Commodore Perry‘s victory over British ships on Lake Erie (see my Sept.10 post “We Have Met the Enemy and They are Ours”) set off a chain reaction of events which had serious consequences for Canada. General Procter, who was responsible for defending the area from Detroit to Burlington, had sent men and guns to Barclay’s fleet, and now they were lost. He was left with only 900 regular troops, and about 1,200 Indians under Tecumseh. Most of the Canadians in the militia had gone to their homes to harvest their crops.
Procter could be cut off from the British force at Burlington, and it was important to retreat, quickly. He ordered his troops at Detroit to burn the fort there, and return to the Canadian side of the river. Tecumseh was disgusted. He did not really understand how the situation had been changed by Barclay’s defeat on Lake Erie, and he and his Indians wanted to stand and fight the Americans as they came. Tecumseh told Procter he was like a dog running away with his tail between his legs, and asked the British to give their rifles to his Indians. Feelings ran high, but finally Procter persuaded Tecumseh to move up the Thames Valley towards the present site of London. From there, if necessary, they would be able to use Dundas Street, the old military road built by Simcoe, to join British troops at Burlington.
The Americans, especially the cavalry, advanced with great speed. When Procter reached Moraviantown, 6 miles beyond Chatham, Tecumseh refused to move farther. He had been wounded in rearguard fighting, and his Indians were deserting in large numbers. He insisted on making a last-ditch stand at Moraviantown, and placed his Indians in a swamp. Procter, who would not desert him, placed his men as effectively as possible. There were only about 900 fighting men left in the joint British-Indian force.
The battle took place on October 5, 1813, and was over in a few minutes. Tecumseh was killed, but his body was hidden so that it could not be mutilated by Americans seeking revenge. Rumours of the day say they liked to take strips of skin from bodies, make them into razor-strops, and present them to members of Congress. Fortunately, the Americans did not follow-up their advantage after winning the battle at Moraviantown.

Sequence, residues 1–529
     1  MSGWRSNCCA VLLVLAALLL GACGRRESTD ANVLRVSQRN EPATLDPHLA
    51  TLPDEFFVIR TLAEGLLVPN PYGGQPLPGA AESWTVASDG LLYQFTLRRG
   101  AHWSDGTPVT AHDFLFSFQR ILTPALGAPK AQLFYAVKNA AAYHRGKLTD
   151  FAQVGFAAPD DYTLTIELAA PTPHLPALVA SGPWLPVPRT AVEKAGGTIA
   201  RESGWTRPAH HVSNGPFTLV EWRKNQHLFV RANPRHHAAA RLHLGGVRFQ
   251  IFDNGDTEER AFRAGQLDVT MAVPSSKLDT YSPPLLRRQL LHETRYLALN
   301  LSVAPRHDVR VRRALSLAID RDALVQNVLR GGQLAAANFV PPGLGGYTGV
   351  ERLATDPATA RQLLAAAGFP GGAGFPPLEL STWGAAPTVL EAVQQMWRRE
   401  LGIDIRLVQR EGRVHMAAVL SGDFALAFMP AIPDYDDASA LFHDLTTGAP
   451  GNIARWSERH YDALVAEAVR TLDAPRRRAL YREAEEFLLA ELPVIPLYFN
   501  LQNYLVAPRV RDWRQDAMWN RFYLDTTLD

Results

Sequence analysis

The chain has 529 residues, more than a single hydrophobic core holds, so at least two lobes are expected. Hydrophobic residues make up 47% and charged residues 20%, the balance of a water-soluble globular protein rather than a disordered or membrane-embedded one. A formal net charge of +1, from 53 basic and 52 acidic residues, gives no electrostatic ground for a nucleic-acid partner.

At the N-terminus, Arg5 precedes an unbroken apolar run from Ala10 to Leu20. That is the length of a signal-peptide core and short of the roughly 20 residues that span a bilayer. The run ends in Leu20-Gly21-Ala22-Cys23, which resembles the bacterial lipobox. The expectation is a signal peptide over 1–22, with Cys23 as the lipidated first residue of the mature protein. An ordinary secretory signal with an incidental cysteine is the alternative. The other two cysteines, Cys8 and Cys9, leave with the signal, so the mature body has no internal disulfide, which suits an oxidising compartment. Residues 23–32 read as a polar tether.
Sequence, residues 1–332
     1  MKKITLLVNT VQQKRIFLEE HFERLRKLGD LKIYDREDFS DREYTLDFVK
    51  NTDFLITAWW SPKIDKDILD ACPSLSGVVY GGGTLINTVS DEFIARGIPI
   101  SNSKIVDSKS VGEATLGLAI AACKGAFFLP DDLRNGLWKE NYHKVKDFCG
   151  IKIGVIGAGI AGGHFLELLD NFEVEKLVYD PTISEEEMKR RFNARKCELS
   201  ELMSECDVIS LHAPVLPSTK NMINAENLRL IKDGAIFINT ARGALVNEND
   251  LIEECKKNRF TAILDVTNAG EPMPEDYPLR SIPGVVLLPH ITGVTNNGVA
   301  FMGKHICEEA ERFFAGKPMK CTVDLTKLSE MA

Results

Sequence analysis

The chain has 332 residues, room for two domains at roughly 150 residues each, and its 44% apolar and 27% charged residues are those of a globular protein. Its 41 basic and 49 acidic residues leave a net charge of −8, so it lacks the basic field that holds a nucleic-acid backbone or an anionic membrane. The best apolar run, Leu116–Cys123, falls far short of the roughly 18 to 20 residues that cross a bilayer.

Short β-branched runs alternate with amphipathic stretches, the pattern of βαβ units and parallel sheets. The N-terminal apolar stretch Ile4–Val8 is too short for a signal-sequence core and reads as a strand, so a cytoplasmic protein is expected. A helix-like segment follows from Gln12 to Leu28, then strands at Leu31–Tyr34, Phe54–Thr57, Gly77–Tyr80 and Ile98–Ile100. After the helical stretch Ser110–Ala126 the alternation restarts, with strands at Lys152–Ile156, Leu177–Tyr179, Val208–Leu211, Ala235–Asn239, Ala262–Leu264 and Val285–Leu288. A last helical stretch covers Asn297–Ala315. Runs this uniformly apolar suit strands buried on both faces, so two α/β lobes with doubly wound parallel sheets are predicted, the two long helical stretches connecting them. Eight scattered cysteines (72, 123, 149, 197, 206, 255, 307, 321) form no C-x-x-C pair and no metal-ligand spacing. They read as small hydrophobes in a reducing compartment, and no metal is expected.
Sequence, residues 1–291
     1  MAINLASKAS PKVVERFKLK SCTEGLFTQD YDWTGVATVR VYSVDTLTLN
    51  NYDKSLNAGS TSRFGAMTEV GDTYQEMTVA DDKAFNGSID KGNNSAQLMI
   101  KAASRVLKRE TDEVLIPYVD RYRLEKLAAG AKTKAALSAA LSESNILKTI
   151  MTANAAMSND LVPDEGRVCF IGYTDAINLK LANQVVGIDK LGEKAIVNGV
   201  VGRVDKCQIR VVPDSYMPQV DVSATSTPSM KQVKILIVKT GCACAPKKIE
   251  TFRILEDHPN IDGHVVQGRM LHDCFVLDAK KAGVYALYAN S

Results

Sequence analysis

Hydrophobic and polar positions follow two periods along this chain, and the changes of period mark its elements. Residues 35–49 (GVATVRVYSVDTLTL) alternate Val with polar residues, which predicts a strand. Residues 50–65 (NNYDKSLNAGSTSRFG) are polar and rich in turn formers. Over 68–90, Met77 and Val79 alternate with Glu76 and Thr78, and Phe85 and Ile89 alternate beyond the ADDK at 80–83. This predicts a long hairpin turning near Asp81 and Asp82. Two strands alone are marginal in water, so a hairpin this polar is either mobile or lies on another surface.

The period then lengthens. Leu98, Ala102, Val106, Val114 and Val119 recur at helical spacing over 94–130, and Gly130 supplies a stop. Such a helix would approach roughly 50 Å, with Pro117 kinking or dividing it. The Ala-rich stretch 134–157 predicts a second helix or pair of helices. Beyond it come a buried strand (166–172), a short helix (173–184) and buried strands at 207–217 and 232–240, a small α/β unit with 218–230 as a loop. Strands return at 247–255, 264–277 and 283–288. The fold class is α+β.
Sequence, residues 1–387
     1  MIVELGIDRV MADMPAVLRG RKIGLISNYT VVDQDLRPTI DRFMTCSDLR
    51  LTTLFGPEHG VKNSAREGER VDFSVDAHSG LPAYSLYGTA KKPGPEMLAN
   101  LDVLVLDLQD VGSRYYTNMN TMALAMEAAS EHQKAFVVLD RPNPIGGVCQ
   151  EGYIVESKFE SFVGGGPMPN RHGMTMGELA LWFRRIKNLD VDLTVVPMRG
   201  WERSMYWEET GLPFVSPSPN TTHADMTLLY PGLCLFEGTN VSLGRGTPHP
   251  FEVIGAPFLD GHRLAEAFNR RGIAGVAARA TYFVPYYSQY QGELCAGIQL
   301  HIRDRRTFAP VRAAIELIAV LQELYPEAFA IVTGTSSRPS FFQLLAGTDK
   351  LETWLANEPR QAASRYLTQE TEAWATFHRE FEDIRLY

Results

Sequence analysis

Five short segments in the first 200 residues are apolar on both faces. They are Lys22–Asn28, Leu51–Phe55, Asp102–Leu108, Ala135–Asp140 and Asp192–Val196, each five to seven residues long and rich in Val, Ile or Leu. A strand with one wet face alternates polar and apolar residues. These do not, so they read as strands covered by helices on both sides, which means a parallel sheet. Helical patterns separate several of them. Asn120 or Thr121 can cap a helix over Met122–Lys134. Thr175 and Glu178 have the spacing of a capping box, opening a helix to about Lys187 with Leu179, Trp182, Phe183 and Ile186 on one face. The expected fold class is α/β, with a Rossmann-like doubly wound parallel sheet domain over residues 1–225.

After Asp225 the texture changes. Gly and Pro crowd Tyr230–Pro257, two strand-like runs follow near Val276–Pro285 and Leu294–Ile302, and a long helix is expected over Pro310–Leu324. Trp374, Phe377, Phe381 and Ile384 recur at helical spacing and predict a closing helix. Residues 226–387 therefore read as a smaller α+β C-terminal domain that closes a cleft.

Tecumseh played a part in the War of 1812, and he merits attention and recognition. So I urge you to learn more about him. As such, a few sites I recommend are the History.com, and the Friends of Tecumseh Monument, and then the Final Days of Tecumseh (a blog dedicated to Tecumseh, including “Like a hero going home’: A new play written by Marion Johnson with George Henry”), and finally, a good place to visit is the Town of Tecumseh.
- “This Is A Man!” (tkmorin.wordpress.com)
- Battle of Lake Erie Bicentennial – A trip to Put-In-Bay (dbsnyder471.wordpress.com)
- Detroit museum marking War of 1812 anniversary (macombdaily.com)
- We have met the enemy and they are ours: The Battle of Lake Erie (michpics.wordpress.com)
I think Tecumpseh might have been more successful in resisting the white settlers if he had lived about a generation earlier. As it was, his efforts were too late.
I personally admire him, I have to admit. He would have done so much had he lived longer, too. 🙂
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The Battle of the Thames. I admire Tecumseh and his brother ‘The Prophet’ for their efforts for forming a confederacy. Great post. 🙂
Yes, me too, though his brother “the prophet” kind of messed things up for him at the end. Still, that does not take away the good they did. 🙂